Presentation on theme: "Global Trade and Healthcare Timothy F Christian, MD,MPA."— Presentation transcript:
Global Trade and Healthcare Timothy F Christian, MD,MPA
Established from GATT in 1994 With the recent addition of Russia, almost all countries now belong to the WTO Ministerial Conferences every two years. General Councils Councils for goods, services and Trips. Decision Making by Consensus. Each member = one vote.
WTO Function and Operation. Forum for negotiation. Administer Rules. Settle Disputes. Review Trade Policies. Cooperate with other organizations.
Core Agreements of the WTO Agreement establishing the WTO The General Agreement on Tariffs and Trade. General Agreement on Trade in Services. Agreement on Trade-Related Aspects of Intellectual Property Rights. Understanding on Settlement of Disputes. Trade Policy Review Mechanism
How the WTO Works. The parties seek to achieve their goals “by entering into “reciprocal and mutually advantageous arrangements (italics added) directed to the substantial reduction in tariffs and other barriers to trade and to eliminate discriminatory treatment in international trade “. (WTO Introduction.)
Reciprocity: The Guiding Paradigm. “ The principle of reciprocity in GATT refers to the “ideal” of mutual changes in trade policy which bring about changes in the volume of each country’s imports that are of equal value to changes in the volume of each country’s exports.” (Kyle Bagwell, Kyle and Robert Staiger)
Rules for Fair Trade. Anti-dumping and Countervailing duties. (Art VI) (unfair trade by firms and governments) Dispute Settlement Preservation of intellectual property Preservation of Trademark
WTO is Stacked Against LDCs WTO membership implies MFN status to all countries (elimination or marked reduction of trade tariffs) To settle disputes (such as IP), countries can bring a complaint (301) to the WTO If there is merit, the dispute settlement can be either compensation to the offended country or reinstitution of tariff barriers between them For US, tariffs by an LDC are of no consequence but trade tariffs with US are devastating to LDCs
Tale of Two TRIPS Trips 1 Pratt and Open have idea aproach USTR Provide resources. Set up Intellectual Property Committee Expert Staff (IBM Gorlin) Draft 1988 position paper. US threatens Uruguay Round LDCs agree to TRIPS in exchange for Agriculture trade agreement 1984 Trade Act: IP Actionable Under Section 301. Trips 2 Health Action International organize 1996 meeting. 1998 Action at WTO: USA and EU use TRIPS to reject WHO resolution on Drug Strategy. MSF generate articles in medical journals. Campaign on Access to essential medicines. 1999 Geneva conference on compulsory licensing (HAI, MSF Consumer Project). Partner with HAI Oxfam, Consumer Project on Technology Use of internet. Web-letter: IP health. Article 31 adopted, MSF wins Nobel prize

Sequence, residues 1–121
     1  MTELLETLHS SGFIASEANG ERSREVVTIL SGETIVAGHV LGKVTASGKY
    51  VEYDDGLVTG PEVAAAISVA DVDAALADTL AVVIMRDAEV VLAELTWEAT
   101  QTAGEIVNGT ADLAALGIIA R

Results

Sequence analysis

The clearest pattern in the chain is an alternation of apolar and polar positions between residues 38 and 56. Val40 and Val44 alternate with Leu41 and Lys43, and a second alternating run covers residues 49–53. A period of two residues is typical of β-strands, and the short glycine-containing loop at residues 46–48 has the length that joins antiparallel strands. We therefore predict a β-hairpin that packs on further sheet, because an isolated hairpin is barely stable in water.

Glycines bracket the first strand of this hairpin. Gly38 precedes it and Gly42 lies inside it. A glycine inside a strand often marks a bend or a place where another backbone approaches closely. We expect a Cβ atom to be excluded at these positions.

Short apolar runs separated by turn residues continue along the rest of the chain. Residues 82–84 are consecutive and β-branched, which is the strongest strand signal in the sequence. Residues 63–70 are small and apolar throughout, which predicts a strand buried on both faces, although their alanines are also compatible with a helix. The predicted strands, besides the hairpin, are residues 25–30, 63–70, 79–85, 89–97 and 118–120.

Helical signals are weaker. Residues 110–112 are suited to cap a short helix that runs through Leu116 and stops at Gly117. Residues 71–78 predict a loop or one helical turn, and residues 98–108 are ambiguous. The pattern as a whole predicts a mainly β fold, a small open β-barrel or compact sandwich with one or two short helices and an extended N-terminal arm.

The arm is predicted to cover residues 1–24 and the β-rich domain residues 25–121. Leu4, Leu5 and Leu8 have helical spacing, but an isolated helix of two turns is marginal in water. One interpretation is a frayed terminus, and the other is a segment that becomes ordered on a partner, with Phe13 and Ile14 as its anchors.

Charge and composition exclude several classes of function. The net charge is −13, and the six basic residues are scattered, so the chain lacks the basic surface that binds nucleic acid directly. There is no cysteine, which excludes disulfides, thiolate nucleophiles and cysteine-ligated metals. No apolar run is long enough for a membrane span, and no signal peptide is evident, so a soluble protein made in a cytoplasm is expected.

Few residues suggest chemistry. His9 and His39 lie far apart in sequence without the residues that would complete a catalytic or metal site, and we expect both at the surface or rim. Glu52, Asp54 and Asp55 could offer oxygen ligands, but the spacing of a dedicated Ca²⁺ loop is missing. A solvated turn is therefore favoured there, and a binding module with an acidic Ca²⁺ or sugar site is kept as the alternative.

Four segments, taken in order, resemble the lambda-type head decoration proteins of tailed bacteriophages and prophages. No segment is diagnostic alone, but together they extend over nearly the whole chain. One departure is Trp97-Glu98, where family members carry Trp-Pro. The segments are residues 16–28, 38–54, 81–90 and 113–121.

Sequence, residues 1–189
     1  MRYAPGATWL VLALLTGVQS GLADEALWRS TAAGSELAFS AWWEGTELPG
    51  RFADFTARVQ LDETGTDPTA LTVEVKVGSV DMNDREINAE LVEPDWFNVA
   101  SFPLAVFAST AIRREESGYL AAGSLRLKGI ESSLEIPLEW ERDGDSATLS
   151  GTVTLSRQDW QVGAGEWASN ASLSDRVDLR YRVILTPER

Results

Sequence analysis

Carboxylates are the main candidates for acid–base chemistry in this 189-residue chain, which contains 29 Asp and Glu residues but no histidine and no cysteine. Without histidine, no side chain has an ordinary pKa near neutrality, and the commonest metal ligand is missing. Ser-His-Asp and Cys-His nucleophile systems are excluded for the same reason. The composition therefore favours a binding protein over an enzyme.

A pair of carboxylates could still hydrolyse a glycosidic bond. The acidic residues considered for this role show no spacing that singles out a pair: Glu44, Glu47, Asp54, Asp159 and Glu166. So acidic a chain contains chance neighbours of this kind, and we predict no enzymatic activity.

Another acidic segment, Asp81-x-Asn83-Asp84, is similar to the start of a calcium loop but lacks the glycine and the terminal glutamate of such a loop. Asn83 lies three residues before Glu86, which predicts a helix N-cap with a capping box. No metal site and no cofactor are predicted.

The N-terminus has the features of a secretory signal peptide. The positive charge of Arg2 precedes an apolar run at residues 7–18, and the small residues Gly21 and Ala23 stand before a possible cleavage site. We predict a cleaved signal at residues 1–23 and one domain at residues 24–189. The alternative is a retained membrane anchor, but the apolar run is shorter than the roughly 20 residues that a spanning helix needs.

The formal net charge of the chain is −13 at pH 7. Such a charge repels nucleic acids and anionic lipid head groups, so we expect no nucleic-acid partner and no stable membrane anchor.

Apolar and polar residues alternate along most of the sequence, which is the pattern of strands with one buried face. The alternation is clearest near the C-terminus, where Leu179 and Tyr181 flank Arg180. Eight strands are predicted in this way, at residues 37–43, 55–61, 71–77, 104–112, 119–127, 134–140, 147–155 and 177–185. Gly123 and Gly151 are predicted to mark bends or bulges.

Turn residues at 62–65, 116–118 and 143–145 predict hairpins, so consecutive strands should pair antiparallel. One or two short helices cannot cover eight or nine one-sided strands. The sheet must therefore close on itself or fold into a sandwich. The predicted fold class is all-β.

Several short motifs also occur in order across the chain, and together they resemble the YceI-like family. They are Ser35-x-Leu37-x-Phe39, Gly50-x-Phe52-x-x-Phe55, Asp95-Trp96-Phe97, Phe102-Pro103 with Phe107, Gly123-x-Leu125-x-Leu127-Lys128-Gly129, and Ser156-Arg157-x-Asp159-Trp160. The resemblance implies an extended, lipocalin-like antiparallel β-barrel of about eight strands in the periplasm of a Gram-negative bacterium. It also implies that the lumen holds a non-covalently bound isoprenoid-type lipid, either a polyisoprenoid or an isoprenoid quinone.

Declaration on the TRIPS Agreement and Public Health. 4. We agree that the TRIPS Agreement does not and should not prevent Members from taking measures to protect public health. Accordingly, while reiterating our commitment to the TRIPS Agreement, we affirm that the Agreement can and should be interpreted and implemented in a manner supportive of WTO Members’ right to protect public health and, in particular, to promote access to medicines for all. (b) Each Member has the right to grant compulsory licenses and the freedom to determine the grounds upon which such licenses are granted. (c ) Each Member has the right to determine what constitutes a national emergency or other circumstances of extreme urgency, (d) The effect of the provisions in the TRIPS Agreement that are relevant to the exhaustion of intellectual property rights is to leave each Member free to establish its own regime for such exhaustion without challenge,